Iron Council

“If they tried to argue it, they’d lose…but even though they know that, they still go on…because in going against the facts, they change them.”

China Mieville

I want to say, first of all, that Iron Council is, on its own terms, a damn good book.

 The third in China Mieville’s Bas-Lag sequence, the novel is set in a time of revolution and war. New Crobuzon, the repressive yet vibrant city at the heart of Mieville’s strange world, is at war with Tesh, a city of unknown magics and uncanny sorcerers, for reasons which remain unrevealed. Meanwhile, the city is tearing itself apart from the inside, too, as revolutionary feeling grows, and rumours of a mysterious entity known as the Iron Council proliferate. Iron Council stole something, once, from New Crobuzon. And now it’s coming back, and that knowledge sends the city into chaos.

 It’s hard to talk about Iron Council without spoilers, because for me the slow reveal at the heart of the book – the revelation of what Iron Council actually is – was one of the best moments of it. That postponed moment – postponed, I might add, until well over 200 pages in – of realisation is very satisfying, and is in itself an effective corollary to the project of a book that is an examination of the transitory and deceitful nature of revolution, of memory and myth, and of time. The Iron Council proliferates as a whisper, a strange myth, for a long, long time until we reach the messy, complicated and often sordid truth of it, just as it does for the Crobuzoner revolutionaries. For though Mieville is squarely on the side of the revolutionaries, rising against a government that cruelly Remakes – biologically alters – petty criminals, that violently suppresses any kind of revolt or protest, that crushes and overcomes all in its way with no thought for the social or environmental consequences of its actions (one of the most poignant portions of the novel is protagonist Judah’s time among the stiltspear, creatures of the marshes soon to be filled in by the encroaching railway being built across the continent), this is no simple tale of Good versus Evil, Gondor versus Mordor, or (to take a perhaps more relevant example) District 12 against the Capitol. That is, it’s rarely as clear-cut as those other narratives of revolution. Many of the central revolutionary characters here are violently egotistical in their motives in one way or another: Ann-Hari, whose ideological fervour is frequently seen as authoritarian, as aspiring to queendom rather than republic; Judah Low, whose love for Iron Council is deeply, disturbingly possessive even as it is saving; Toro, the legendary figure of the people, whose plan to kill the mayor eventually turns out to be motivated by personal reasons, not political ones. There are deep rifts between revolutionary factions, and differing motives. There’s a sense of hopelessness to the whole enterprise, too, as characters, over and over again, find themselves used, pressed into service to myths that do no justice to their own experience, their own hopes and dreams and plans. The revolution of New Crobuzon is one that can elide individuality as much as it tries to fight for it. The myth of history is remorseless in its storytelling.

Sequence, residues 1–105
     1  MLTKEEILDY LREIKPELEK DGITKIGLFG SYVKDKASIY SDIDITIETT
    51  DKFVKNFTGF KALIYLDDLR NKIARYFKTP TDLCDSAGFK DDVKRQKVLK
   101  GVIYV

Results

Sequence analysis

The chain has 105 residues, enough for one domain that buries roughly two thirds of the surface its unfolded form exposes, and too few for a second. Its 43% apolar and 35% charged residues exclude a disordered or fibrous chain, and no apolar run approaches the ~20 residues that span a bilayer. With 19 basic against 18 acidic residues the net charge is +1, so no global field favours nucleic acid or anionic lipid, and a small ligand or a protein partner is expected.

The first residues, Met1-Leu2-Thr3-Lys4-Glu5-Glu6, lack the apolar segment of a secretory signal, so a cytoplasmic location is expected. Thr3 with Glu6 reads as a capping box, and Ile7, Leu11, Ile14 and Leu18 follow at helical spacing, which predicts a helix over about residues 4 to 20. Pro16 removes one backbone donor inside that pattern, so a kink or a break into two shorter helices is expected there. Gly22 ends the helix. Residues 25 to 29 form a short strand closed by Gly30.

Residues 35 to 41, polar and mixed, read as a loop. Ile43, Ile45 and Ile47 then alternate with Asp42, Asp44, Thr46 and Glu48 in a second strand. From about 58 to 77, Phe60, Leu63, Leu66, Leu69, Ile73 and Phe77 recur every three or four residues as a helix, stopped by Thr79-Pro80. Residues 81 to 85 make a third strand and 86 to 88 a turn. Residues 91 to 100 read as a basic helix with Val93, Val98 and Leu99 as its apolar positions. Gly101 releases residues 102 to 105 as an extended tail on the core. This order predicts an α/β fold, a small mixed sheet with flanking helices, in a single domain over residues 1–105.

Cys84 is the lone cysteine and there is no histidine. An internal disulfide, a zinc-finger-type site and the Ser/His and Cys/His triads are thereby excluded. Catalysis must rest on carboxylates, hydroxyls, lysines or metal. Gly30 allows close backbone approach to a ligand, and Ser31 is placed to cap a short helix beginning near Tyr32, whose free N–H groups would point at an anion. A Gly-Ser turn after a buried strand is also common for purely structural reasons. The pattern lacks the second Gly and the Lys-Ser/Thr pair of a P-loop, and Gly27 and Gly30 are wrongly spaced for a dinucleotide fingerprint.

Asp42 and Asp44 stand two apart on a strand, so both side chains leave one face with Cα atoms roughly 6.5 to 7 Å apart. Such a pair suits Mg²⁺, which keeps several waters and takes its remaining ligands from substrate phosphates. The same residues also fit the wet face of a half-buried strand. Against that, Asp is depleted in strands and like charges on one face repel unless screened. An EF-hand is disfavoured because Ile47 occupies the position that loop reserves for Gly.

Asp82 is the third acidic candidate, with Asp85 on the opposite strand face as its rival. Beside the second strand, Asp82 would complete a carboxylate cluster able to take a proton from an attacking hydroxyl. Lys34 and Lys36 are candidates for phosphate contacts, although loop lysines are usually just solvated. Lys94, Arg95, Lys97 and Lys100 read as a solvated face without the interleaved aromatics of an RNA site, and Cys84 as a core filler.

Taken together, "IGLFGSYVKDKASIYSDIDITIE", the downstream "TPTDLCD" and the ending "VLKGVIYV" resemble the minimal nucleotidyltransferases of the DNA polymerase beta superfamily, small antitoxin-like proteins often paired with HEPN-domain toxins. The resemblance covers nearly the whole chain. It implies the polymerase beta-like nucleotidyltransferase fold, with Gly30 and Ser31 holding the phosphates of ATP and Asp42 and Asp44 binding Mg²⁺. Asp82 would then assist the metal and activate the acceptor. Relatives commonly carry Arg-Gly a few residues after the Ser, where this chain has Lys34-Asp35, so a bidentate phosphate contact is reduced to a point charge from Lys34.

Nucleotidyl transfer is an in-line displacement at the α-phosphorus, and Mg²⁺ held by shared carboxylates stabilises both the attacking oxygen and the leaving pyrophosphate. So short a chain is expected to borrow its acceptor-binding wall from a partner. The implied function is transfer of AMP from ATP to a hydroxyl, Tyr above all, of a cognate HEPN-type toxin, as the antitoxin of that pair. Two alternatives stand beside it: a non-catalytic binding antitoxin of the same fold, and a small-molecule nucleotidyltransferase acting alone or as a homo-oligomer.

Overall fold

Like I said, Iron Council is a great book. It is thoughtful, intelligent fantasy full of big ideas; it is wildly, delightfully inventive in its storytelling and worldbuilding; it is, if not completely invested in its characters, at least convincing and complex in its creation of them.

 But.